A piece in today’s Telegraph. Two thoughts occur to me:
- A salad “crisis” seems a small price to pay for regaining national sovereignty; and
- The British people are a resilient lot. They’ll probably survive a month or two of not eating salad leaves, broccoli etc. They’ve faced worse.
One of Britain’s biggest supermarkets has warned that ongoing border closures could lead to a looming salad crisis as shoppers were seen queueing at the crack of dawn for food.
Sainsbury’s said that if nothing changes, “we will start to see gaps over the coming days on lettuce, some salad leaves, cauliflowers, broccoli and citrus fruit”, which are all imported from Europe.
Tesco also said that ongoing disruption could affect supply of cauliflowers and citrus fruit later this week, but said it currently has plenty of food available for Christmas and encouraged customers to shop as normal.
The Government moved to calm shoppers after pictures on social media showed empty shelves and long queues outside supermarkets in Bristol and London days before Christmas.
Transport secretary Grant Shapps told the BBC that supply chains were “robust” and most people would not notice any shortages, while a government spokesman urged people to shop as normal.
Several major grocers also reassured customers that there will be no shortage of supplies of Christmas dinner essentials. A spokesman for the British Retail Consortium said most ingredients of a traditional roast are readily available in the UK.
A Waitrose spokesman said: “The vast majority of our festive food is already within the UK – so we’ll have what our customers need, however they are choosing to celebrate.”
Sainsbury’s said it has “plenty” of Christmas lunch ingredients which are already in the UK.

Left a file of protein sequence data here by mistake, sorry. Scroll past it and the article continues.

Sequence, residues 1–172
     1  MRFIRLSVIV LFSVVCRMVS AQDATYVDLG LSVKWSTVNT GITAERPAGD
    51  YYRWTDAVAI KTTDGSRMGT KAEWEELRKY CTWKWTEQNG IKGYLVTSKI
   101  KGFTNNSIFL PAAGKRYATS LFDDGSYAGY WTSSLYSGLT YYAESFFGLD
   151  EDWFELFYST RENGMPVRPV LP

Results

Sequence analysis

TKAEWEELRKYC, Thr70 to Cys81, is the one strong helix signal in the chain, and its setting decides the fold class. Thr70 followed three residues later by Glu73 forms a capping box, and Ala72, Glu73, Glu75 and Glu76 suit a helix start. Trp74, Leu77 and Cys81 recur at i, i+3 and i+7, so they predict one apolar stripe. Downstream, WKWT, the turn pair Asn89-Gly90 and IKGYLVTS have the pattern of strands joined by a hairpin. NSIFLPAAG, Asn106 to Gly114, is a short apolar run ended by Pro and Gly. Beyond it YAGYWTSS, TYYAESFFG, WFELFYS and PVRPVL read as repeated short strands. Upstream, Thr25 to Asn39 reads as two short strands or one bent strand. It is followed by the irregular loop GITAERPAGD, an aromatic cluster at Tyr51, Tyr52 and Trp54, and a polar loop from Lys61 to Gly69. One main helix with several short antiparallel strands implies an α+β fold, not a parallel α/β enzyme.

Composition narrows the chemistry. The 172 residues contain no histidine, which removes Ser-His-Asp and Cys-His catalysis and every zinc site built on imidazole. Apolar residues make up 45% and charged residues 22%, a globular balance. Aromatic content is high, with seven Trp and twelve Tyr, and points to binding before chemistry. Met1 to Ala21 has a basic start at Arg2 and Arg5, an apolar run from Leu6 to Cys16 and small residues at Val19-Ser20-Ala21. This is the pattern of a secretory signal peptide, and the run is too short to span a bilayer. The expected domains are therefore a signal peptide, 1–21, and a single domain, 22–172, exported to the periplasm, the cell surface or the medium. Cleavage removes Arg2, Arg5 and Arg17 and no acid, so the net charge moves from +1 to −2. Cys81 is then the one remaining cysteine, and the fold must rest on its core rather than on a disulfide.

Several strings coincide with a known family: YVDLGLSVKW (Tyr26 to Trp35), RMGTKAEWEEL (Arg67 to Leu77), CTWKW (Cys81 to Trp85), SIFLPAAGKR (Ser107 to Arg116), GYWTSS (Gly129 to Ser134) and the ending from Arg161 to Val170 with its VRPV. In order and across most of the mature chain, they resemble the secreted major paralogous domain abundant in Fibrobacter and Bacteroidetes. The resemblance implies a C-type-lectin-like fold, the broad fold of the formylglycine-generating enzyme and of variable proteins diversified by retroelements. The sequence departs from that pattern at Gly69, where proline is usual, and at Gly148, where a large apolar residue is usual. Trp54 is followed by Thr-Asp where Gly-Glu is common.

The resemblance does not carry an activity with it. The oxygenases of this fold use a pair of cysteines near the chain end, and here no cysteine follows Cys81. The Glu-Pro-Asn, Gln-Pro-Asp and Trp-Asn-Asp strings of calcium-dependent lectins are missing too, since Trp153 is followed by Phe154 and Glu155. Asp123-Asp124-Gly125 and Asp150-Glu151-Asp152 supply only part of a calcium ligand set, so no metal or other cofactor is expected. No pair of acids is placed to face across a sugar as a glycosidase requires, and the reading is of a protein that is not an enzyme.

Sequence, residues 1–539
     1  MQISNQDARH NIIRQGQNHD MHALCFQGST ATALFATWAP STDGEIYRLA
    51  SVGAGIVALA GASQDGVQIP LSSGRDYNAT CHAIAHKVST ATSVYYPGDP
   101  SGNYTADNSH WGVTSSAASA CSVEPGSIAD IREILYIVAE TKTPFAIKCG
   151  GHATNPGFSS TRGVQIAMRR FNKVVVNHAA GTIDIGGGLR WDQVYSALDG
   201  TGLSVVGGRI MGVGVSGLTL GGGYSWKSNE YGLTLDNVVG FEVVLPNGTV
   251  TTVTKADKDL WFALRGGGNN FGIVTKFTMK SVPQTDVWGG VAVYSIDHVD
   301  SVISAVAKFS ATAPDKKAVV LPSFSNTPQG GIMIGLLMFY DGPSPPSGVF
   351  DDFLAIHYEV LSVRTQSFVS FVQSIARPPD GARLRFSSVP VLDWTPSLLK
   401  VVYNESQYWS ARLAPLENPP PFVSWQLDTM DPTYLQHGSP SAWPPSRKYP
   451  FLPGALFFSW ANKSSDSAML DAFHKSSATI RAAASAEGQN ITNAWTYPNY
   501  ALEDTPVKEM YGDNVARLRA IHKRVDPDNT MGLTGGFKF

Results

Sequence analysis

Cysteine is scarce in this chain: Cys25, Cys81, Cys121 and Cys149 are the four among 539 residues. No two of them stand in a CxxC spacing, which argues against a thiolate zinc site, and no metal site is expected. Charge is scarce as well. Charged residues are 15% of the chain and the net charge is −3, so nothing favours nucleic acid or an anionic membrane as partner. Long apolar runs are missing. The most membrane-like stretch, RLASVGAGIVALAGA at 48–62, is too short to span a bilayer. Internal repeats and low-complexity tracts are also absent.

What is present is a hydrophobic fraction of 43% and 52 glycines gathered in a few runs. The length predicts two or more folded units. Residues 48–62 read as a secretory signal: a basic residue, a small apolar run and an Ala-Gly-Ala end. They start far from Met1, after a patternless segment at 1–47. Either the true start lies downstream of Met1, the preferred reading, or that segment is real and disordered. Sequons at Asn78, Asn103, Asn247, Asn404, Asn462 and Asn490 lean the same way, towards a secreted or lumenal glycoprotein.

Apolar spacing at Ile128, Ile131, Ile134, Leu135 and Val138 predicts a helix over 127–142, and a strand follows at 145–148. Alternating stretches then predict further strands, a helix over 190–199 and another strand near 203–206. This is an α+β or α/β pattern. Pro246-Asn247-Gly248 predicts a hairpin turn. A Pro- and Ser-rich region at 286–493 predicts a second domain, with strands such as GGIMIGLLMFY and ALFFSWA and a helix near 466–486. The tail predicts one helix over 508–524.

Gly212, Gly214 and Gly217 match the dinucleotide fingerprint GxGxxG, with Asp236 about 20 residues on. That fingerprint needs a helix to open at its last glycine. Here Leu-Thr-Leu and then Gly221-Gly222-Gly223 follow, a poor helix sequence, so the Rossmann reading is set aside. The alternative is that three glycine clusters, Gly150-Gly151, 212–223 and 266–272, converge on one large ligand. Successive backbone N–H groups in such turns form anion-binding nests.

The ongoing disruption at the border has caused fears of shortages and a return to panic buying.
The BRC said on Sunday that 10,000 lorries a day use the Channel crossing and that, while goods were able to enter from France, few haulage firms were willing to risk drivers becoming stranded.
Jack Ward, chief executive of the British Growers Association, said that although there should be no issues in getting seasonal fruit and vegetables grown in this country, shortages of lorries caused by the border issues or a lack of storage space could still cause problems.
The Government appealed for calm. A spokesman said: “Supermarkets are well prepared and the industry has been clear there is enough stock. People should continue to shop normally, including for their Christmas dinner.”
When asked if consumers will see shortages in supermarkets, Mr Shapps said: “The supply chain is pretty robust in as much as you get variations in supply all the time. For the most part, people won’t notice it.”
Andrew Opie, of the BRC, said: “Retailers have stocked up on goods ahead of Christmas which should prevent immediate problems.
“However, any prolonged closure of the French border would be a problem as the UK enters the final weeks before the transition ends on 31st December.”
French ministers were understood to be on the verge of an agreement to allow produce to begin moving again.
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